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Polyliteracy - Ten Year Reading Plan

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luke
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 Message 9 of 77
05 August 2007 at 10:29pm | IP Logged 
I also created a parallel text with Tour du Monde en 80 Jours. The translation is not as good as Journey to the Center of the Earth.

Since I started with 80 days before Journey, I'm more familiar with it. It seems worthwhile to try to get a good handle on both stories, especially since they are original French works and they have the same author, so the same idiolect.

I didn't study as much this weekend as I'd hoped. I didn't zip through both books, nor anything like that. I was a bit preoccupied. Even so, I think the few hours I did spend have been effective.

I visited the library and they had 80 days on CD. It's a different recording than the tapes I checked out a couple weeks ago. The narrator speaks a bit faster, which is handy, since my primary goal for listening to the English version is to pick up more details of the story in situations when I'm away from the bilingual text.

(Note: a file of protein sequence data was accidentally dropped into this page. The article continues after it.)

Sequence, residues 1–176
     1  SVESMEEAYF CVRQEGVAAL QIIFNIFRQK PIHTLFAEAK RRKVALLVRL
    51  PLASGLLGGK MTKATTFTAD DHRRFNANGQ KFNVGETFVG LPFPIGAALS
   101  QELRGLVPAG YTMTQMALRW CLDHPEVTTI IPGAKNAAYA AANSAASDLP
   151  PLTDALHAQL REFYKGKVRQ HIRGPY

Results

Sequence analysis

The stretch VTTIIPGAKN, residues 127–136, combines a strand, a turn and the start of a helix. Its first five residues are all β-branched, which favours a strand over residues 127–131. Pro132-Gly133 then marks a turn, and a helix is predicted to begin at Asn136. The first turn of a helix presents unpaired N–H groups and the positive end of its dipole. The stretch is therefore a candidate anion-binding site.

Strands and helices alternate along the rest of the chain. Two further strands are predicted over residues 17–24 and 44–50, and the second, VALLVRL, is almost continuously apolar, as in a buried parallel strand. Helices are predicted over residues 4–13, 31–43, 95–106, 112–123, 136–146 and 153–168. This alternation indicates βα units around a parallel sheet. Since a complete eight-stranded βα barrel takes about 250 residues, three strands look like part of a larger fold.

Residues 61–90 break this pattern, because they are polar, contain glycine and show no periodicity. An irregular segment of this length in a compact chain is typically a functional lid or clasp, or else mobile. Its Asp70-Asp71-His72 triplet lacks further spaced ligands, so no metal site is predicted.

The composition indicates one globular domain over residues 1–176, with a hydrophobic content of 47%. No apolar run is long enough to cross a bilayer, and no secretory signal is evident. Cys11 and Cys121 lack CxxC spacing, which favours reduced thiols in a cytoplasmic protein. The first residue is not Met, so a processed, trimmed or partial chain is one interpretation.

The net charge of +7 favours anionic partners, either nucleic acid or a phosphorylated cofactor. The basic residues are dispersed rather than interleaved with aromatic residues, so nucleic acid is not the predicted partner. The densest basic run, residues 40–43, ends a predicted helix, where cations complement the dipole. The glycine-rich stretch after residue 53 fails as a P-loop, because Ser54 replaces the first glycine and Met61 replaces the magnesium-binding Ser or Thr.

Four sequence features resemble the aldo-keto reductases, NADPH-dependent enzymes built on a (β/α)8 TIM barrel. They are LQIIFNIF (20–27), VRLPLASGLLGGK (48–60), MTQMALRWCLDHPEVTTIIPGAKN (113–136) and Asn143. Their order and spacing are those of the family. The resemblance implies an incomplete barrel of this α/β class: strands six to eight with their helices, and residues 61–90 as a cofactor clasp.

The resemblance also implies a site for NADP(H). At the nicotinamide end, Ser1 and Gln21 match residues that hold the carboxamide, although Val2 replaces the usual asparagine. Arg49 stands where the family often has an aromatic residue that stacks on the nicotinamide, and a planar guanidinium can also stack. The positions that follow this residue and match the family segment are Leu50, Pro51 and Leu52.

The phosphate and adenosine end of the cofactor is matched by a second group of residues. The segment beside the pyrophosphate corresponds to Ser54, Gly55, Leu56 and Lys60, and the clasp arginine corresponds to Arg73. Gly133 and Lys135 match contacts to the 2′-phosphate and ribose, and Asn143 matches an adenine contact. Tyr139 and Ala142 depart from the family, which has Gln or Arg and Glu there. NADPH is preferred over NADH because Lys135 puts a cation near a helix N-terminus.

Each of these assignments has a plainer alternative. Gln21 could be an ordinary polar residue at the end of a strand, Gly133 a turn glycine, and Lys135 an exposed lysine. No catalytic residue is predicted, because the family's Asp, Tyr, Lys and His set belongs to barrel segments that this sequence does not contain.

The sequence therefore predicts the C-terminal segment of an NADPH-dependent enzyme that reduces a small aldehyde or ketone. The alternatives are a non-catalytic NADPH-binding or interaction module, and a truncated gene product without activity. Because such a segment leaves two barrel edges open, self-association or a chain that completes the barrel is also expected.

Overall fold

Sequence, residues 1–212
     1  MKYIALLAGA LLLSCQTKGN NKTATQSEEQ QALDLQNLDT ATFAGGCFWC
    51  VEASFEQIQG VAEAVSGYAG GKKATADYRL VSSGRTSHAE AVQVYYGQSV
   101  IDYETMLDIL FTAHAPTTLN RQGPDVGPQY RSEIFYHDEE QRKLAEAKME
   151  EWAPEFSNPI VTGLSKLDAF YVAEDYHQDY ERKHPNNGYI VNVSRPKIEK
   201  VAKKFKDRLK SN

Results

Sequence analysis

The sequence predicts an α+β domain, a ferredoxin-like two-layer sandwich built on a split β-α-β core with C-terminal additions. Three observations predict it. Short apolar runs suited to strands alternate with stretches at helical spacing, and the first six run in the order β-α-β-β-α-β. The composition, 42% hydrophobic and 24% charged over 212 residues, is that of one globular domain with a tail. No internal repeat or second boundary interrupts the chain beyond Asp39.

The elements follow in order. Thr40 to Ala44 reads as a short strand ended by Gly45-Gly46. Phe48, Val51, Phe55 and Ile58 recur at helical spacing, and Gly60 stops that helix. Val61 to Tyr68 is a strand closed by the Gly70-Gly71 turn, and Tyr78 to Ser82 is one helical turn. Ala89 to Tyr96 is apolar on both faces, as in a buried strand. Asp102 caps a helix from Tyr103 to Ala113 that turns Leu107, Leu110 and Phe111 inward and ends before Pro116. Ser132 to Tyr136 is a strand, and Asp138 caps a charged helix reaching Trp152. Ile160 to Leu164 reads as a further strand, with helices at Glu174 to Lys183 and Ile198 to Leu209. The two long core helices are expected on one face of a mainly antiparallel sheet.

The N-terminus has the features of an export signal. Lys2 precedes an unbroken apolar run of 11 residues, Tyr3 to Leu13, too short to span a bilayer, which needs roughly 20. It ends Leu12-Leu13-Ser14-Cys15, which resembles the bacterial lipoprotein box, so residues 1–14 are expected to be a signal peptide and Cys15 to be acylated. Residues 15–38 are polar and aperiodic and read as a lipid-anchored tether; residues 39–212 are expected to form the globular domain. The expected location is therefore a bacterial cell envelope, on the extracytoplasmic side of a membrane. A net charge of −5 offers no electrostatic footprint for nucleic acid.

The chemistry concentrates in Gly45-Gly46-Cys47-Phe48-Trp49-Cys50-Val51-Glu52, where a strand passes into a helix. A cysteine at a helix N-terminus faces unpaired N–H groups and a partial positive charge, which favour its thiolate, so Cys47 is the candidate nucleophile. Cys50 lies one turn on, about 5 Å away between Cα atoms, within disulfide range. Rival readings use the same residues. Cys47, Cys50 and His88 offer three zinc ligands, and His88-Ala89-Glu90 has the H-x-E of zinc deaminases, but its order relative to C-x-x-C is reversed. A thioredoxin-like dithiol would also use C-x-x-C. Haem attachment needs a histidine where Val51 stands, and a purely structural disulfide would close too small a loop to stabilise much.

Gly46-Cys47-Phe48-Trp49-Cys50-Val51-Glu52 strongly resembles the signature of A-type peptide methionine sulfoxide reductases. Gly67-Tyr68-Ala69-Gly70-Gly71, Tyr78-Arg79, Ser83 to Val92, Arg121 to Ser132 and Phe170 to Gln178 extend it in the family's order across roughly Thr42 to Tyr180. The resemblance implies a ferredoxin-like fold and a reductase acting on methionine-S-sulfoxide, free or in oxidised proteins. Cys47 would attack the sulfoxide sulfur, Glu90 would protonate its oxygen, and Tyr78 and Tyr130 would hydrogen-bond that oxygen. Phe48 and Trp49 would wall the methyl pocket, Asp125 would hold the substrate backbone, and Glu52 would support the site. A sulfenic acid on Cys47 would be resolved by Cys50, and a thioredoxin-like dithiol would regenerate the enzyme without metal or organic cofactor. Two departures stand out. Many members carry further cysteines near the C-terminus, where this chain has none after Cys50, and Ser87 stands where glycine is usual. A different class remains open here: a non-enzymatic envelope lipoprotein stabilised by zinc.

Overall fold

I created a bilingual playlist of 80 days/jours. It will play one chapter in English, then the French recording for that chapter will follow, English, French, over and over through the 37 chapters. The plan is to listen to this playlist while I'm at work next week.

I ran across an English recording of Rene Descartes Scientific Method at Guttenberg. They also have the book is available in English and French. Another website has the audiobook in French. Haven't looked at this yet. It was written in the 17th century, so the language may be a bit archaic. We'll see.

Edited by luke on 08 August 2007 at 6:14am

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Farley
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 Message 10 of 77
05 August 2007 at 10:40pm | IP Logged 
Luke,

Thanks for the updates. I’m reading them with interest.

John

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luke